Apostles Edition presented to The Most Reverend Justin Welby, the Archbishop of Canterbury
Only 12 Apostles Edition sets of The Saint John’s Bible exist.
And it’s only fitting that one should reside in the United Kingdom, the nation in which the project was conceived and principally created.
That is now the case after Wednesday when an Apostles Edition was presented to The Most Reverend Justin Welby, the Archbishop of Canterbury, on behalf of the Church of England during a burnishing ceremony and prayer service held at the Lambeth Palace Library in London.
The palace is the official London residence of the archbishop, the principal leader of the Church of England.
In 1998, Saint John’s Abbey and Saint John’s University commissioned renowned British calligrapher Donald Jackson to handcraft the original manuscript of The Saint John’s Bible, which took place at Jackson’s scriptorium in Monmouth, Wales.
It marked the first time in 500 years that a Benedictine Monastery had commissioned a handwritten, illuminated Bible. The construction paralleled that of its medieval predecessors - written on vellum, using quills, natural handmade inks, hand-ground pigments and gold leaf while incorporating modern themes, images and technology of the 21st century.
“Given the United Kingdom is the land where The Saint John’s Bible was conceived and principally created, it is such a privilege to be able to bring it home here,” College of Saint Benedict and Saint John’s University President Brian Bruess said in remarks at a reception following Wednesday’s presentation.
Only a dozen of The Apostles Edition exist (one for each of Jesus’ disciples). One was presented to the National Cathedral in Washington, D.C. last month. Other locations to have received one include the Vatican Museum of Art, the Library of Congress and the Morgan Library and Museum in New York.
“It’s a great honor to be here with you,” Welby said. “The Saint John’s Bible is astonishing. This is a very precious Bible to have in our library.”
The presentation was the centerpiece of a week-long series of events in England being conducted in celebration of the 25th anniversary of the commissioning of The Saint John’s Bible, and to honor Jackson, who along with his team received the Pax Christi Award Tuesday in London. The award is the highest honor bestowed by Saint John’s, recognizing those who have “devoted themselves to God by working in the tradition of Benedictine monasticism to serve others and to build a heritage of faith in the world.”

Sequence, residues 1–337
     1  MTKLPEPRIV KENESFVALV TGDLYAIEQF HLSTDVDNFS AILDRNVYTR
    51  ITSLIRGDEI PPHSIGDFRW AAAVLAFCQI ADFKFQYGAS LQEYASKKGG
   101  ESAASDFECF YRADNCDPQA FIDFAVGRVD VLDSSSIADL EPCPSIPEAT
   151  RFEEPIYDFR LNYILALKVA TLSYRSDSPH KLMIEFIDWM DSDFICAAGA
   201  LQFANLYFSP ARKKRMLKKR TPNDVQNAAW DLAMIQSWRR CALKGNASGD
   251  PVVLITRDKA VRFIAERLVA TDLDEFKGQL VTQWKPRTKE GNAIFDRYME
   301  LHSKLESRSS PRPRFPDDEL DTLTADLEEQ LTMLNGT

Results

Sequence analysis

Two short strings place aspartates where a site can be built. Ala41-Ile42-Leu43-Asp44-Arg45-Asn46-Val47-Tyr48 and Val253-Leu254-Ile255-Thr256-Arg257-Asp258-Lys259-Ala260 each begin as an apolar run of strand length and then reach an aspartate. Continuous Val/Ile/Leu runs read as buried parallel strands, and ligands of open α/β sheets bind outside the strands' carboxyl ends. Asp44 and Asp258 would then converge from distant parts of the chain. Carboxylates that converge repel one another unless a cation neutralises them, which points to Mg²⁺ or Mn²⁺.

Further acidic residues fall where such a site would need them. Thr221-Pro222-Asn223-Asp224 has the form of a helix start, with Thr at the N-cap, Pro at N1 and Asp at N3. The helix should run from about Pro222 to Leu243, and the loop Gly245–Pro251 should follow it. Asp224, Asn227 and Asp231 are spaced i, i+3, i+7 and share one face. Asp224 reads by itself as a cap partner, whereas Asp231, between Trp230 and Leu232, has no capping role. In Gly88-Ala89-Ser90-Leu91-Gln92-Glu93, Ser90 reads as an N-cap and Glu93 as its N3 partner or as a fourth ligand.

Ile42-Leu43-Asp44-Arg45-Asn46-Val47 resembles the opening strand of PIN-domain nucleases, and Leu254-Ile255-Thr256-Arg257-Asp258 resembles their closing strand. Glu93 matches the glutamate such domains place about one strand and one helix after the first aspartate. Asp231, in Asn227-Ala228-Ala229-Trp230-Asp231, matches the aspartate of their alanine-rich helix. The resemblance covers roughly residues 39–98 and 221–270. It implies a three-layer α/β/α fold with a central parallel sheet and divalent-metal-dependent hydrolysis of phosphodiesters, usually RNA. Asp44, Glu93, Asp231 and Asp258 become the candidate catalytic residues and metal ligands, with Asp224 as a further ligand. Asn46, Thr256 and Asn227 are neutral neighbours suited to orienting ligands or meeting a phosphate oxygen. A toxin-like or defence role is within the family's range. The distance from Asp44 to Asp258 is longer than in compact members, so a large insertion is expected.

A Heritage Edition of The Saint John’s Bible was presented to Sarum College in Salisbury, England this past Sunday (Nov. 5), and another will be presented to the Canterbury Cathedral in an Evensong service this coming Saturday (Nov. 11).
Wednesday’s presentation at Lambeth was offered by an anonymous American couple. All three gifts have been made possible through The Catharine Elizabeth Laney Trust.
“In these troubling times, when conflict and violence seem to be piercing our world at every turn, and when faith and culture are wrongly used as instruments of division, it is reassuring to know that the Word of God can be a unifying spirit,” Bruess said. “And that leaders and followers of our faith traditions – Catholics and Anglicans – can come together in prayer, celebration and communion around an awe-inspiring sacred text.”
The edition will be placed in the library’s permanent collection.
“I’d like to express thanks on behalf of the Library and the church commissioners for this magnificient gift,” said Hugh Cahill, the senior librarian of the Lambeth Palace Library, in his remarks at the reception.
“We are honored to be entrusted with its care and to be among a select group of institutions such as the Morgan Library, the Library of Congress and the Vatican to hold copies of this edition.”